Abu Dhabi, UAEThursday 28 May 2020

Hassan Rouhani wins second term as Iranian president

With almost all votes counted, Mr Rouhani looked to have an insurmountable lead with 22.8 million votes compared to 15.5 million for his hardline challenger Ebrahim Raisi.
A supporter of Iranian president Hassan Rouhani during an election campaign rally in Tehran, one of the 24 million people who voted for him. Tima / Reuters
A supporter of Iranian president Hassan Rouhani during an election campaign rally in Tehran, one of the 24 million people who voted for him. Tima / Reuters

TEHRAN // President Hassan Rouhani praised Iranians for choosing “engagement with the world” and rejecting extremism after winning a resounding election victory on Saturday.

Mr Rouhani won 23.5 million votes – 57 per cent – compared to 15.8 million – 38.3 per cent – for hardline challenger Ebrahim Raisi.

In an address to the nation, Mr Rouhani told Iranians they had “said no to those who wanted to take Iran backward or cease its current course.” To the international community, he said that while the people wanted “engagement with the world away from extremism and violence,” they were not “prepared to live with threats and sanctions.”

Mr Rouhani’s victory followed a huge 73 per cent turnout on Friday which forced authorities to extend polling by several hours.

“I congratulate the great victory of the Iranian nation in creating a huge and memorable epic in the continuation of the path of ‘wisdom and hope’,” tweeted vice president Eshaq Jahangiri, referring to the government’s slogan.

Mr Rouhani, a 68-year-old moderate cleric who spearheaded a 2015 nuclear deal with world powers, framed the election as a choice between greater civil liberties and “extremism”.

Mr Raisi, 56, had positioned himself as a defender of the poor and called for a much tougher line with the West. Despite being the favoured candidate of Supreme Leader Ayatollah Ali Khamenei, his rhetoric and efforts to win over working class voters with promises of increased benefits gained limited traction.

“Rouhani’s vote, particularly in rural areas, shows that Iranian people no longer believe in economic populism and radical change,” said Ali Vaez, Iran analyst for the International Crisis Group, a think tank.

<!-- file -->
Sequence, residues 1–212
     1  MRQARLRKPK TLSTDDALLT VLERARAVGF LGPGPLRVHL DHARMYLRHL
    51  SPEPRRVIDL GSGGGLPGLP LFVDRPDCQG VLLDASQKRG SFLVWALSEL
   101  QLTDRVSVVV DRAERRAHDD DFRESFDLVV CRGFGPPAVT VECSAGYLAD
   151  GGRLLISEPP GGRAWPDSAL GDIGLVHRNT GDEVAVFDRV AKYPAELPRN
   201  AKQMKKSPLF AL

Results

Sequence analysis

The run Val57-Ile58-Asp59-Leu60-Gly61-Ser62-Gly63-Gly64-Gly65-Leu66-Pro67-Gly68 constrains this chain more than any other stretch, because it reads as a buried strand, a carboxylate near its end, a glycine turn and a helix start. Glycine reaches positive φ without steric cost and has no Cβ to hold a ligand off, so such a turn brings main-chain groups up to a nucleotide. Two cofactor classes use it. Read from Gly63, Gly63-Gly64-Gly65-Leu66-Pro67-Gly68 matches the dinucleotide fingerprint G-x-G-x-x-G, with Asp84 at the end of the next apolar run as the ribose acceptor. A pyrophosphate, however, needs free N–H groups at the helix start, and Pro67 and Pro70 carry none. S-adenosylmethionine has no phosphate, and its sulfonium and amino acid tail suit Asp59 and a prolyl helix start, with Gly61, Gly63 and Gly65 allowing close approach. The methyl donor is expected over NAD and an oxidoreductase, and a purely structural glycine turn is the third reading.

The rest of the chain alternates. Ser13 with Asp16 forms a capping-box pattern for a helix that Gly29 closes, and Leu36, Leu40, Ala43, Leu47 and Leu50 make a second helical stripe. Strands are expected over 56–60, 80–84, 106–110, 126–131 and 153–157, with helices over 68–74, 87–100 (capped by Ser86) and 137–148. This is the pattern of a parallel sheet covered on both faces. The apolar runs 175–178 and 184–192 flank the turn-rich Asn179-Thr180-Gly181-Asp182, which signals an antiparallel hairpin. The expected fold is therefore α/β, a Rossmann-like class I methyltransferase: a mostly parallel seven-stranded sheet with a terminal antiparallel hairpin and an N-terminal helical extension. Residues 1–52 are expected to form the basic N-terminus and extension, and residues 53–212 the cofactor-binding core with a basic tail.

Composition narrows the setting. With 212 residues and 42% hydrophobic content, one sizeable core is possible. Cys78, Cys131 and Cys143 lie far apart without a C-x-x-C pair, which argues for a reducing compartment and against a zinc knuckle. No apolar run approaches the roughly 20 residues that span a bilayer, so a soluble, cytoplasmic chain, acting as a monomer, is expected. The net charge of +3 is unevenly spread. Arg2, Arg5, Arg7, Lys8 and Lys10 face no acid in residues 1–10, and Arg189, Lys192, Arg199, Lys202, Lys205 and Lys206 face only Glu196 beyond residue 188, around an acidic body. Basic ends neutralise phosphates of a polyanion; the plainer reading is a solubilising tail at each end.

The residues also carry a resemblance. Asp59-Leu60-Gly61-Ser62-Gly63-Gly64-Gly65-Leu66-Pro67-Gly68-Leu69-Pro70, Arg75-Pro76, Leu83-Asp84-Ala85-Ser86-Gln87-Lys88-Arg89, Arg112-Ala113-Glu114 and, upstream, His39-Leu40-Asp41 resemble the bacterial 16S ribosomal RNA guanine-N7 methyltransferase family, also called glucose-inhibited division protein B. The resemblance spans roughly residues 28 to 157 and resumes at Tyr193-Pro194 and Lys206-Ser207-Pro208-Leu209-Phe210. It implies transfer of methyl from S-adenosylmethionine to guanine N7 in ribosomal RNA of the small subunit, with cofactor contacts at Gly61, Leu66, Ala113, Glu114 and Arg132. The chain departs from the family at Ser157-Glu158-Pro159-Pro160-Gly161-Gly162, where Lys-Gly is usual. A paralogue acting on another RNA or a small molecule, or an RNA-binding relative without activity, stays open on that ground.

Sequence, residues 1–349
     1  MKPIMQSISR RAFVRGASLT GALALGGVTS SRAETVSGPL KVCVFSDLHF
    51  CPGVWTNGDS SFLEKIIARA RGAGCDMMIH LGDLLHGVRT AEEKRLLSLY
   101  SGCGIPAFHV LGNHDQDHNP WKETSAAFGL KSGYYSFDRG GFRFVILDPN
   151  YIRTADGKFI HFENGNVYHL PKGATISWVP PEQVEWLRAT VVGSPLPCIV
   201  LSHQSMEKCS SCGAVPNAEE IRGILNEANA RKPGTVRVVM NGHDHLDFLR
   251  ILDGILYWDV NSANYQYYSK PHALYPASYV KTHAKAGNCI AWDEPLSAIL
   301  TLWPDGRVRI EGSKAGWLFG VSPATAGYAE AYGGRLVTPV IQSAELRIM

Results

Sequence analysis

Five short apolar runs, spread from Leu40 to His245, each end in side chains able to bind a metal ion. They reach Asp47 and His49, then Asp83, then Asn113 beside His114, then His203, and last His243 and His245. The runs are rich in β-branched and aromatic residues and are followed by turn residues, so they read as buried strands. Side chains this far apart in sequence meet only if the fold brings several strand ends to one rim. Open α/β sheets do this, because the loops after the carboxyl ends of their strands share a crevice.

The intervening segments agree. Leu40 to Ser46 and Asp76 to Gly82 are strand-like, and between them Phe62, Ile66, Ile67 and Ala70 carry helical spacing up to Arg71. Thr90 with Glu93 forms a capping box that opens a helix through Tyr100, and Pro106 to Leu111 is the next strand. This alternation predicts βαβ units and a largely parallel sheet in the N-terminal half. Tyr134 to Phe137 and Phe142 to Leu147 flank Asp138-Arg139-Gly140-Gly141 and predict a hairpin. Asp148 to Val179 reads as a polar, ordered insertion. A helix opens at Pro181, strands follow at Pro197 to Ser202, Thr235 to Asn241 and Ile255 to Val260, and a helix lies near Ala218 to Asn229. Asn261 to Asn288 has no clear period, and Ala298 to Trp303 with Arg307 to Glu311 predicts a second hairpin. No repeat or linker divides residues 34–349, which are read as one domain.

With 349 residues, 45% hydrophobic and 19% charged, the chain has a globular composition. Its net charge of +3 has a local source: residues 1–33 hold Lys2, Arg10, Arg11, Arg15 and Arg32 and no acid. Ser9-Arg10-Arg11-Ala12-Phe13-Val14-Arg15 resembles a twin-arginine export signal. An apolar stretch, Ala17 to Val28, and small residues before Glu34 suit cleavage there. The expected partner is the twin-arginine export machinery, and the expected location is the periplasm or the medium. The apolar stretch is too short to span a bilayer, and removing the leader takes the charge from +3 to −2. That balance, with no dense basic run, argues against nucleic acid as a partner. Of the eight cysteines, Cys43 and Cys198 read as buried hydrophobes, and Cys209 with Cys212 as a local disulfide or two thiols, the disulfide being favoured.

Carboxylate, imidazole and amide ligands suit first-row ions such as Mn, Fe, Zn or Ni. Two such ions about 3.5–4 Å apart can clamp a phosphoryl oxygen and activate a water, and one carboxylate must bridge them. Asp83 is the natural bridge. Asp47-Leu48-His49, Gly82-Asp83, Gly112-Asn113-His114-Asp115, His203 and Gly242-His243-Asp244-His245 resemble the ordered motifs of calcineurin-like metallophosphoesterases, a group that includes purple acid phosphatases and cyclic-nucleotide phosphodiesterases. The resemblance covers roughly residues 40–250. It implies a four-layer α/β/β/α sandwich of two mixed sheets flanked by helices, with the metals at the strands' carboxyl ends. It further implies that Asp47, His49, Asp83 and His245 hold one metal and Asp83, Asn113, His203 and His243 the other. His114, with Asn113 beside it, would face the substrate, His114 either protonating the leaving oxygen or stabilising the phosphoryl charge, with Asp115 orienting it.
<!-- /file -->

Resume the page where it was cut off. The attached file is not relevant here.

“They have the maturity to understand that the solution to their country’s predicaments are in competent management of the economy and moderation in international relations.”

Mr Rouhani’s central first-term achievement was a deal with six powers led by the United States that eased crippling economic sanctions in exchange for curbs on Iran’s nuclear programme.

He gained a reprieve this week when Washington agreed to continue waiving nuclear-related sanctions, keeping the deal on track for now.

The election came at a tense moment in relations with the US, with president Donald Trump threatening to abandon the accord and visiting Iran’s regional rival Saudi Arabia this weekend.

Ayatollah Khamenei urged Iranians to show unity following the “intensity of the days and weeks” leading up to the vote.

Russia, which fights alongside Iran in support of Syrian President Bashar Al Assad, was among the first to congratulate Mr Rouhani.

Vladimir Putin sent a telegram confirming “his readiness to continue active joint work... in line with maintaining stability and security in the Middle East and the world as a whole”.

Mr Al Assad also congratulated Mr Rouhani for earning “the trust the Iranian people gave him to continue bolstering Iran’s position”.

Although Mr Rouhani has been entrenched in Iran’s security establishment since the early days of the revolution, he has emerged as the standard-bearer for reformists after their movement was decimated in 2009’s mass protests.

In his victory speech Mr Rouhani praised former president Mohammad Khatami, in defiance of a ban imposed against mentioning the reformist leader or publishing his pictures.

At recent rallies, his supporters chanted the names of those leaders under house arrest since 2011 for their part in the protests.

International affairs researcher Foad Izadi, of Tehran University, said Mr Rouhani may now have the leverage to push for greater freedoms, despite opposition from the conservative-dominated judiciary and security services.

“A number of years have passed [since the 2009 protests] and the country is demonstrating a high level of stability – this gives the system confidence, which means more room for change,” Mr Izadi said.

But the economy remains the biggest challenge.

Although Mr Rouhani brought inflation down from about 40 per cent when he took office in 2013, prices are rising at nine per cent a year.

Oil sales have rebounded since the nuclear deal took effect in January last year, but growth in the rest of the economy has been limited, leaving unemployment at 12.5 per cent, and at almost 30 per cent among young people.

“We are still not pleased with the situation, but in the four years of Rouhani there has been a relative improvement and I’m voting to keep that,” said Alireza Nikpour, a 40-year-old photographer in Tehran, as he queued to cast his ballot on Friday.

Last month, the Guardian Council excluded all but six candidates for the election but still left a stark choice between moderate-reformists and hardliners.

Two dropped out to back Mr Raisi and Mr Rouhani, respectively, while the remaining candidates – reformist Mostafa Hashemitaba and conservative Mostafa Mirsalim – won a marginal percentage of the votes.

*Agence France-Presse and Bloomberg

Updated: May 20, 2017 04:00 AM



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